Nightmare Alley/1947/Twentieth Century Fox/110 min.
There’s a fateful moment in the beautifully lit “Nightmare Alley” in which cinematographer Lee Garmes creates a latticework of light, with neat bands of shadow slicing the room to bits. Performer/con artist Stan Carlisle (Tyrone Power) is at the height of his success, having built himself up from nothing, but he’s about to get trapped by a soigné spider woman who’s far sharper and more ruthless than he.
Stan is handsome, charismatic and ambitious, a born player. He hones his craft by working in a seedy carnival and taking what he can from his fellow performers. He cozies up to Zeena (Joan Blondell), a matronly “mentalist” who’s seen better days, angling to get her secret code designed for a mindreader and an assistant.
Her former co-star and now-alcoholic husband Pete (Ian Keith) opposes the idea, but Zeena relents after Pete dies from drinking wood alcohol.
Helping Stan learn the code is Molly (Coleen Gray), easy on the eyes, eager to please and smitten with him. Zeena and Bruno the strong-man (Mike Mazurki) push Stan to marry Molly; the newlyweds form an act and leave the carnival for Chicago.
At the upscale Spode Room, Stan does a reading for cooly elegant Lilith Ritter (Helen Walker), a psychologist with a roster of wealthy clients. He senses that, despite her diploma and pedigree, Lilith is a player just like he is. (Maybe it’s her slightly mannish outfits that tip him off.)
Together they see a way to cheat Lilith’s clients and rake in hundreds of thousands in cash as Stan morphs into a spiritual healer. The still-devoted Molly does her best to stand by him.
But Stan can’t compete with Lilith’s level of deception and treachery. The trap evoked in Lilith’s office by the latticework shadow is now real. Starting with a bottle of gin in a dingy hotel room, Stan begins to self-destruct.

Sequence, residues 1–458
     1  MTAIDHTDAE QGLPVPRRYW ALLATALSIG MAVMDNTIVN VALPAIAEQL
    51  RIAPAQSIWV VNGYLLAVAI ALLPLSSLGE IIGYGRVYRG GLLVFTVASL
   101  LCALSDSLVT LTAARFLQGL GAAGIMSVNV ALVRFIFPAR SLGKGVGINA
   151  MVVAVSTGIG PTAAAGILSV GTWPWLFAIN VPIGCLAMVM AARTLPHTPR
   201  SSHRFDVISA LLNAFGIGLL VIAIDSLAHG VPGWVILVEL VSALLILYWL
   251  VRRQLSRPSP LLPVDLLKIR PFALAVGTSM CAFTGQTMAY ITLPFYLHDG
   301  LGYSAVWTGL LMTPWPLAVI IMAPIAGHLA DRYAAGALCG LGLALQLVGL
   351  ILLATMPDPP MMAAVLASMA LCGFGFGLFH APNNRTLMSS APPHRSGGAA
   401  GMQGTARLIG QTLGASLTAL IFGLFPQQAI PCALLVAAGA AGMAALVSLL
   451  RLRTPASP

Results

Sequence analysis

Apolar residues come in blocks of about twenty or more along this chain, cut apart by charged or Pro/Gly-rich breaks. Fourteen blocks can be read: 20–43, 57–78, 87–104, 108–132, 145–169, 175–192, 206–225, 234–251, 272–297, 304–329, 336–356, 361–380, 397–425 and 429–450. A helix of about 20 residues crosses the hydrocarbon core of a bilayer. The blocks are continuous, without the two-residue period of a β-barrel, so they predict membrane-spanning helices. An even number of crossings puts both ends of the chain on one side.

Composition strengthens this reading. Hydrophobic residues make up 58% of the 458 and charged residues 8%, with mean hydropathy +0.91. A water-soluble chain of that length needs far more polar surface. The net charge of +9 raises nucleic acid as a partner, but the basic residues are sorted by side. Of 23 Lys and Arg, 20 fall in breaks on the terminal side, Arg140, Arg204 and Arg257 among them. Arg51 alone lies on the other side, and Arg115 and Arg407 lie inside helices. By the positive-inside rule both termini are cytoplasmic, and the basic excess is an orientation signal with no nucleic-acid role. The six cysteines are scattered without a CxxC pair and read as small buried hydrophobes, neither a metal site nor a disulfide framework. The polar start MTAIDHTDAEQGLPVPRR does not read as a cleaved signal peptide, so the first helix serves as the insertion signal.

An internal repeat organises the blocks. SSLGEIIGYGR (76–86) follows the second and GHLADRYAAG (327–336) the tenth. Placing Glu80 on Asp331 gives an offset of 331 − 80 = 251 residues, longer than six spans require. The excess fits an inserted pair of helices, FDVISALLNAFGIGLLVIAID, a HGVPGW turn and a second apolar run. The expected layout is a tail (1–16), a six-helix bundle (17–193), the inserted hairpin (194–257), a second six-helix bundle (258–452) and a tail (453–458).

Based on a novel by William Lindsay Gresham (Jules Furthman wrote the script) and directed by Edmund Goulding, this is an incredibly sophisticated and well made film, though it fared poorly at the box office. It may have been easy for viewers to dismiss as strange or sordid because Power plays an anti-hero and Goulding refuses to shy away from showing alcoholism and addiction.
The film revels in ambiguity and mystery regarding questions of morality and spirituality, particularly when we see Stan layer his act with a preacher’s rhetoric, masking his cynicism and contempt for his faithful believers.
“Nightmare Alley” owes its existence and budget (this is not a B movie) to its leading man and his clout at Twentieth Century Fox. Hugely popular for his swashbuckler and romantic heroes, Tyrone Power was one of Fox’s top stars in the mid 1940s. Coming from a family of stage actors (his heritage was Irish and French), he craved more challenging projects and roles. In 1946, Power and Goulding made “The Razor’s Edge,” based on the W. Somerset Maugham novel.
Goulding, of “Grand Hotel” fame, was known as a women’s director and for throwing lavishly wild Hollywood parties. He gets outstanding work from the “Nightmare Alley” cast with Power giving subtlety and depth to a dark, complicated character. His performance as the unrepentant hustler likely helped pave the way for 1970s anti-heroes such as Jon Voight and Dustin Hoffman in “Midnight Cowboy.”
Power’s popularity and success continued, and he had another noir role in 1957’s “Witness for the Prosecution” by Billy Wilder. Sadly, it was the last film he completed. While filming “Solomon and Sheba” in Madrid, Power, 44, died from a heart attack on Nov. 15, 1958. Handsome opportunist Stan Carlisle in “Nightmare Alley” remains one of his greatest achievements.